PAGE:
Sexually Transmitted Diseases In Adolescents
WHAT YOU NEED TO KNOW:
What is a sexually transmitted disease?
A sexually transmitted disease (STD) is also called a sexually transmitted infection (STI). An STD is an infection caused by bacteria or a virus. STDs are spread by oral, genital, or anal sex. Some examples of STDs include HIV, chlamydia, syphilis, herpes, and gonorrhea. An STD can lead to cancer and infertility.
What increases my child's risk for an STD?
- Unprotected sex
- Immature immune system and cervix
- Being female
- Alcohol, illegal drug use, or multiple sexual partners
- Open sores or cuts, such as body piercings
What are the signs and symptoms of an STD?
Your child may have one or more of the following depending on the STD he has:
- Blisters, warts, sores, or a rash, in the mouth or genital area that may be painful
- Discharge from the penis, vagina, or anus that may have a foul smell
- Fever, muscle pain, or swollen lymph nodes in the groin
- Inflammation and itching of the skin in the genital area
- Pelvic or abdominal pain, or pain during sex or when urinating
- Sore throat, mouth ulcers, or trouble swallowing
- Vaginal bleeding or spotting after sex in females
How is an STD diagnosed?
Your child's healthcare provider will examine your child and ask about his symptoms. If your child is female, she may need a pelvic exam to check her vagina, cervix, and other organs. Your child may also need any of the following:
- Blood and urine tests may show an infection and what kind it is.
- A sample of discharge may show what is causing your STD.
How is an STD treated?
Treatment depends on the STD that your child has. Your child may be given antibiotics if the STD is caused by bacteria. He may be given antivirals if it is caused by a virus. Your child may also be given antifungals for a fungal infection, such as a yeast infection. Early treatment may decrease your child's risk for certain cancers and prevent infertility.
How can an STD be prevented?
Ask your child's healthcare provider for more information about the following safe sex practices:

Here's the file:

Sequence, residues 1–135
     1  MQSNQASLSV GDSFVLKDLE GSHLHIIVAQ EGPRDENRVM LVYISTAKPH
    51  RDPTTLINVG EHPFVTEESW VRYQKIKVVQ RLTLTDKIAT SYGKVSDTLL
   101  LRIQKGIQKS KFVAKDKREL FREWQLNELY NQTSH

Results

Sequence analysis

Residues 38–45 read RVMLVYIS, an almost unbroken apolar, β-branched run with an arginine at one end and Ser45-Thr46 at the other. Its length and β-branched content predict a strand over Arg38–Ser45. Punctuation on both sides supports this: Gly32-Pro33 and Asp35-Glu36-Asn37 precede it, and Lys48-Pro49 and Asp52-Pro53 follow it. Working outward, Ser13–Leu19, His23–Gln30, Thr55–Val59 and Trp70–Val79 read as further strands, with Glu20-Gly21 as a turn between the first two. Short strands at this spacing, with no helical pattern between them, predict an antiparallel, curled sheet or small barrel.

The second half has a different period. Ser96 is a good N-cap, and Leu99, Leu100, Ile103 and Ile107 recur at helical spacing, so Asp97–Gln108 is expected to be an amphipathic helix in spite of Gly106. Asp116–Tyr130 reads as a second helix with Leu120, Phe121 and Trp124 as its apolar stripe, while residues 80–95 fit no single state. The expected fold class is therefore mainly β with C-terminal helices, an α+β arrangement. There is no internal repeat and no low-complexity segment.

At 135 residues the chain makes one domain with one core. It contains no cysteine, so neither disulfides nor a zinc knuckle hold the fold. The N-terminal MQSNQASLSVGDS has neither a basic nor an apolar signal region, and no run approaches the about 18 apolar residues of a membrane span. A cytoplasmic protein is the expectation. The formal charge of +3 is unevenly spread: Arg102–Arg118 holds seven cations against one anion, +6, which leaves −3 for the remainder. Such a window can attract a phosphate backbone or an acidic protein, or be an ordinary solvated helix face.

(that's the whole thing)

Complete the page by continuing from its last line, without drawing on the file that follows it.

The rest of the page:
- Your child should not have sex with someone who has an STD. This includes oral and anal sex.
- Encourage your child to use condoms. Have your child use a latex condom every time he has sex. Tell him to use a new condom each time.
- Limit sexual partners. Talk to your child about his sexual partners. Encourage him to have sex with only one person.
- Get your child screened for STDs regularly if he is sexually active. He should be tested for chlamydia, gonorrhea, HIV, hepatitis, and syphilis. Girls should get a pap smear to test for cervical cancer. Cervical cancer may be caused by certain STDs.
- Get your child vaccinated. Vaccines may help prevent your child's risk of some STDs. Your child should get vaccinated against hepatitis B and the human papilloma virus (HPV). Ask your child's healthcare provider for more information on vaccines for STDs.
When should I seek immediate care?
- Your child has severe abdominal or pelvic pain.
- Your child has genital swelling or pain, or unusual bleeding or discharge.
- Your child has painful urination.
- Your child has joint pain, a rash, swollen lymph nodes, or night sweats.
When should I contact my child's healthcare provider?
- Your child has a fever.
- Your child's symptoms do not go away or they get worse, even after treatment.
- Your child's partner has an STD.
- Your child is pregnant.
- You have questions or concerns about your child's condition or care.